In 2003, I responded to ten questions sent to me by Marc Baines. As I recall he was studying for an arts degree and I think this may have contributed to his thesis in some way.
Marc Baines was more of a music journalist at the time when we somehow connected at the Westminster Comic Marts, perhaps through a shared love of comics. Later it turned out Marc was also a very able cartoonist, and contributed a story or two to Harley Richardson‘s Ugly Mug small press comic, and wrote for John Bagnall‘s Hairy Hi-Fi music zine. A natural choice, as he had a substantial record collection and knew a lot of musicians – “friend and confidante to the stars”, as John put it. Later, he worked with Vesuvius Records in Glasgow and produced the hybrid cassette-comic book item Spooky Sounds For Now, and went on to found his Kingly Books imprint. I believe Marc now has a steady job at Glasgow School of Art.
I’m reproducing answers to the first two questions below. To read the whole thing, download the PDF.
1. When and why did you first decide to self publish your work?
Why – because the opportunity to do it presented itself. I started comics in my final year at art college, where in 1981 I’d met Pete Woodin, an art-school dropout. He had been self-publishing an arty joke zine called Conceptual Jewellery and selling it through the mail. He also did home-made cassettes of weird music. I copied him on both fronts, excited by the ideas of self-publishing and selling stuff through the mail. He also showed me how easy (and how cheap) it was to make good quality photocopies in those days – he went to the Rank Xerox shop in Coventry and, over the counter, he wound up with a limited-edition art multiple in less than 15 minutes at a very affordable price.
After art college I went home to Liverpool and produced comics in total isolation there. I invented Windy Wilberforce in 1981. In 1982 I drew the single-frame cartoons that would become Rogue’s Gallery – my very first self-published book. Because Pete Woodin had given me a glimpse of the mailart and home tape networks, I said to myself “Somebody must be doing home-made comics in the UK somewhere.”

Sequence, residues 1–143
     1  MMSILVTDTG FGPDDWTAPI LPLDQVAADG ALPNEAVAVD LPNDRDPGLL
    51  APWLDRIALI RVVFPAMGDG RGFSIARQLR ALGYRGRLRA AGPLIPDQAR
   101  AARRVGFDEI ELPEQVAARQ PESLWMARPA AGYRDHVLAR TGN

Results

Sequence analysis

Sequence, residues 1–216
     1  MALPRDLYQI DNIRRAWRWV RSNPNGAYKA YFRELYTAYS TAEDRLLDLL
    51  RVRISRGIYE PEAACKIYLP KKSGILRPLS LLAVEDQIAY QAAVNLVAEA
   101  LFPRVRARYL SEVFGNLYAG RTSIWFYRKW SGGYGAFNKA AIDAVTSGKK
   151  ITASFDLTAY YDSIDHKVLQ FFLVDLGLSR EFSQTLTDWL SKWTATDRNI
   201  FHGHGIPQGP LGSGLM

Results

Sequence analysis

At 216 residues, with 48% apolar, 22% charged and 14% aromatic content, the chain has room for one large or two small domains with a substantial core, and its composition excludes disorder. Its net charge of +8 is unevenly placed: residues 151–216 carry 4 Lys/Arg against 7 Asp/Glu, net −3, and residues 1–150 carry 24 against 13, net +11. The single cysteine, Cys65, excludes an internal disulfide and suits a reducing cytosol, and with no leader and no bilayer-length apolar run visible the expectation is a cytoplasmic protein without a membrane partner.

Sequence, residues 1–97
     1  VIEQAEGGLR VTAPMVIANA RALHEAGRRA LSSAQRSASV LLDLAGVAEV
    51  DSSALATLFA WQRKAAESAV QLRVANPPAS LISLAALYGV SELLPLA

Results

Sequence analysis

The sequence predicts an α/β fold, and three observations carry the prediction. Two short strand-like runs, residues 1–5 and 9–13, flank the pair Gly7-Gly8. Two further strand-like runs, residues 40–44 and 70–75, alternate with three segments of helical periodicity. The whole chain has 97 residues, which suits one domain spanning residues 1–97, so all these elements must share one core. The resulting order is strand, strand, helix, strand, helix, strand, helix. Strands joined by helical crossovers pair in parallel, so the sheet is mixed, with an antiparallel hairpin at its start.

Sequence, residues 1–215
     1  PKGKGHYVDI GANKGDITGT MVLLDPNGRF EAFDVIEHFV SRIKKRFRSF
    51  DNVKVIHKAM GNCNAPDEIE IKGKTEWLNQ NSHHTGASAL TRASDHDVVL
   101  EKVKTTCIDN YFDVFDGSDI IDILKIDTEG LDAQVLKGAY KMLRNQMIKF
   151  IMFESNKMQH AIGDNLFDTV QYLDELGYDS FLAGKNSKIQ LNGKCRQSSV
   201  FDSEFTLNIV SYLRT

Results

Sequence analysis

Then I went to a comic mart in Westminster in December 1982 and found that indeed somebody was. Paul Gravett was running the Fast Fiction stall there and I discovered a few photocopied comics on his table, and his nascent network – a single contact address to help sell and supply these things, much like FO Records had done for cassettes.
So I started doing photocopied comic books at home, using the machine in the basement at the University of Liverpool, where my dad worked at the time. I kept sending books to Paul and made regular trips to London. Things gathered momentum from there.
2. Do you feel that there have been adequate publishing opportunities for cartoonists in the UK?
For conventional cartoonists, maybe – for me and other weirdos like me, no!
In the UK, only a few people have published my comics work. Paul Gravett in Escape magazine and Tony Bennett in Knockabout both published my work in a limited way. Later, I half-appeared in Deadline magazine with a Savage Pencil collaboration for which I did writing and penciling. Peter Pavement showed remarkable confidence in publishing the Windy Book in the 1990s.
The opportunities are woefully inadequate in this country for any sort of work that is even remotely experimental in its approach, or with a drawing style that looks different to accepted mainstream styles. Publishers have too many preconceptions. People talk about comics growing up or coming of age, yet for the most part comics publishers seem to be living in the dark ages!